The Origins of Russia

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Europe in the 9th century
Europe in the 9th century

An important figure in the history of eastern Christianity was St. Cyril, who in the ninth century created an alphabet for the Slavic languages, now called Cyrillic and still used in many Slavic languages including Russian.  He then translated Greek liturgy into Slavonic and used it to teach and convert the inhabitants of Moravia and Bulgaria.  Monasteries sprung up, from which monks would go further into Slavic lands, ultimately tying together a swath of territory deep into what would one day be Russia.

Saints Cyril and Methodius holding the Cyrillic alphabet
Saints Cyril and Methodius holding the Cyrillic alphabet
Early Cyrillic alphabet
Early Cyrillic alphabet

The success of these missionary efforts united much of Eastern Europe and Byzantium in a common religious culture – that of Eastern Orthodoxy.  Thus, up to the present, the Greek, Russian, Ukrainian, and Serbian Orthodox churches all share common historical roots and a common set of beliefs and practices.

The origins of Russia emerged out of this interaction, and out of the relationship between Byzantium and the Viking kings of the Slavs in Russia.  Originally, the “Rus” were Vikings who ruled small cities in the vast steppes and forests of western Russia and the Ukraine.

The Rus’ people originated in what is currently coastal eastern Sweden around the eighth century and that their name has the same origin as Roslagen in Sweden (with the older name being Roden). According to the prevalent theory, the name Rus’ is derived from an Old Norse term for “the men who row” as rowing was the main method of navigating the rivers of Eastern Europe, and it could be linked to the Swedish coastal area of Roslagen (Rus-law) or Roden, as it was known in earlier times.

The Rus arriving in Novograd under the leadership of Rurik a Varangian (Viking)
The Rus arriving in Novograd under the leadership of Rurik a Varangian (Viking)

They were united in about 980 CE by a king, Vladimir the Great, who conquered all of the rival cities and imposed control from his capital in Kiev.  He converted to Orthodox Christianity and forbade his subjects to continue worshiping Odin, Thor, and the other Norse gods.  Just as Boris of Bulgaria had a century earlier, Vladimir used conversion to legitimize his own rule, by connecting his nascent kingdom to the prestige, power, and glory of ancient Rome embodied in the Byzantine Empire.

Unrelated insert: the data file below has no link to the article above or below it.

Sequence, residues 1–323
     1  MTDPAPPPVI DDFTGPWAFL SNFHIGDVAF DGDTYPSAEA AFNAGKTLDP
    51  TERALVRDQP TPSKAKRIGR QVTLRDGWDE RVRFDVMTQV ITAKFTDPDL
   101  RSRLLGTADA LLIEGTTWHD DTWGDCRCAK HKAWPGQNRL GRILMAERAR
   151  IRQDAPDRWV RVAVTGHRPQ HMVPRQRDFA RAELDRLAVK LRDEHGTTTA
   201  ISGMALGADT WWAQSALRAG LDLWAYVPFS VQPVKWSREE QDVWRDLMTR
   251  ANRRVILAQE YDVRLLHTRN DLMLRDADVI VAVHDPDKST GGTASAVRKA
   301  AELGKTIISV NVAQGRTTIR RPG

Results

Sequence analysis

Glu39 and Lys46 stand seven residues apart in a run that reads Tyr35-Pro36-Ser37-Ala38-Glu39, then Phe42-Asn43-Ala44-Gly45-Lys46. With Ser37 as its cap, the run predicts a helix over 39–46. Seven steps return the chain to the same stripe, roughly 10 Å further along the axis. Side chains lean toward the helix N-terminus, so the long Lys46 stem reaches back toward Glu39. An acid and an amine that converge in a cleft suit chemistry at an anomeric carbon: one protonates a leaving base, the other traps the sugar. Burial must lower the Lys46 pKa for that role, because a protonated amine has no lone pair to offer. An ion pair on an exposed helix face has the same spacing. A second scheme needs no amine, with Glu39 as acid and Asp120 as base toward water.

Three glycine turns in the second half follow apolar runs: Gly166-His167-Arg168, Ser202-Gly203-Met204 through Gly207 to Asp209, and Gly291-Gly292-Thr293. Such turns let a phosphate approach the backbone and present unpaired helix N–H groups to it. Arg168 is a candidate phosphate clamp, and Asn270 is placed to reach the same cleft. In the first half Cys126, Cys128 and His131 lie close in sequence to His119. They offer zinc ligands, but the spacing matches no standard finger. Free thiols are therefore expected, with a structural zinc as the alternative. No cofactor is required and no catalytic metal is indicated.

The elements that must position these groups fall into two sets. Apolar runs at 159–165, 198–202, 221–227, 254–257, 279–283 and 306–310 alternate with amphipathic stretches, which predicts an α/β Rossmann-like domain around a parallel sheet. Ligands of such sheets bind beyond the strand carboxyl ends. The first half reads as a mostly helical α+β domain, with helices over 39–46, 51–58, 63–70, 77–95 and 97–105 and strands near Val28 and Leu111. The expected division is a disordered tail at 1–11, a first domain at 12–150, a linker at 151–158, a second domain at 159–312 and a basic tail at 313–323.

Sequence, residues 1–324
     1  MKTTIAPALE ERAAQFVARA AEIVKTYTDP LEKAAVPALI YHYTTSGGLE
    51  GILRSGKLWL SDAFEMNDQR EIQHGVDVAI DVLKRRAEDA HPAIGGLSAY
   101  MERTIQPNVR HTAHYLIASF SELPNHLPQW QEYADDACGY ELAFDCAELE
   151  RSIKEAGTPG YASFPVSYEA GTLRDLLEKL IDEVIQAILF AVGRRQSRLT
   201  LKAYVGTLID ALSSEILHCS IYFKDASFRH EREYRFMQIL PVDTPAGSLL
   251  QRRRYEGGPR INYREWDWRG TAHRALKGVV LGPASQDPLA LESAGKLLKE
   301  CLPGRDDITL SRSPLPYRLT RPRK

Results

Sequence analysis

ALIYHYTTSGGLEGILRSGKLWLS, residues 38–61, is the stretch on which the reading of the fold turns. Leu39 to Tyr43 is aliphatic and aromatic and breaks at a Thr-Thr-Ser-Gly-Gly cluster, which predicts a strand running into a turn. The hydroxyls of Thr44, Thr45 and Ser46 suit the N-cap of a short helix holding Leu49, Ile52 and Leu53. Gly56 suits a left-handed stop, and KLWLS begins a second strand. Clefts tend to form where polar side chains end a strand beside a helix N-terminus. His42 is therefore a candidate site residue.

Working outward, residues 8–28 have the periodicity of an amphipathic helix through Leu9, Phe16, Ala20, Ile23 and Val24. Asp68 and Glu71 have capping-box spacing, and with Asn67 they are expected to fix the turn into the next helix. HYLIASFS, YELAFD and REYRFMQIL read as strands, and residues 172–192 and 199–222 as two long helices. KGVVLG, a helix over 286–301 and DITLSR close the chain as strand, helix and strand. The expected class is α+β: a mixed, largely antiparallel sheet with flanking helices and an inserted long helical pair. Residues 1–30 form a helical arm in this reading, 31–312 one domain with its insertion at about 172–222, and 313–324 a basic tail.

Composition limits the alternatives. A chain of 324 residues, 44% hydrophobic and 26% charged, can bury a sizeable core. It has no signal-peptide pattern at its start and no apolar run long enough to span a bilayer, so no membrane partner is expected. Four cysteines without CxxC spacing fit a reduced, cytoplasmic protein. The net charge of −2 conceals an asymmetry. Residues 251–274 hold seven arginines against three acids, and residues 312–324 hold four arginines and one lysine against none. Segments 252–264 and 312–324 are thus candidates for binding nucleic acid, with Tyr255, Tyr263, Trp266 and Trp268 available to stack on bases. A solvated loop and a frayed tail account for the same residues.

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Cyril: By Zahari Zograf (1810–1853) –, Public Domain,

Europe map: By Bukkia (talk · contribs) – Own work based on: Europe 814.jpg, Public Domain,

Rurik info:

Rurik: By Viktor Mikhailovich Vasnetsov –, Public Domain,

This text was adapted (with permission) from:

  • Western Civilization: A Concise History – Volumes 1-3
    by Dr. Christopher Brooks
  • World History Cultures, States, and Societies to 1500
    by Eugene Berger, Ph.D, George L. Israel, Ph.D., Charlotte Miller, Ph.D., Brian Parkinson, Ph.D., Andrew Reeves, Ph.D, and Nadejda Williams, Ph.D.
    CC BY-SA
  • Modern World History
    by Dan Allosso, Bemidji State University and Tom Williford, Southwest Minnesota State University

I’ve taken excerpts from the above-mentioned resources and heavily edited and added to them for my intended audience. While I’ve received permission to use/adapt these books, none of the above endorses Guest Hollow or my use of their materials.

Information was also taken from Wikipedia under the Creative Commons Attribution-ShareAlike License and other resources (listed in the individual page credits).

This online book is licensed under a Creative Commons Attribution-NonCommercial-ShareAlike 4.0 International License, except where otherwise noted.

Beowulf the Fox Terrier dog and the Greek & Latin roots graphic © Jennifer Guest

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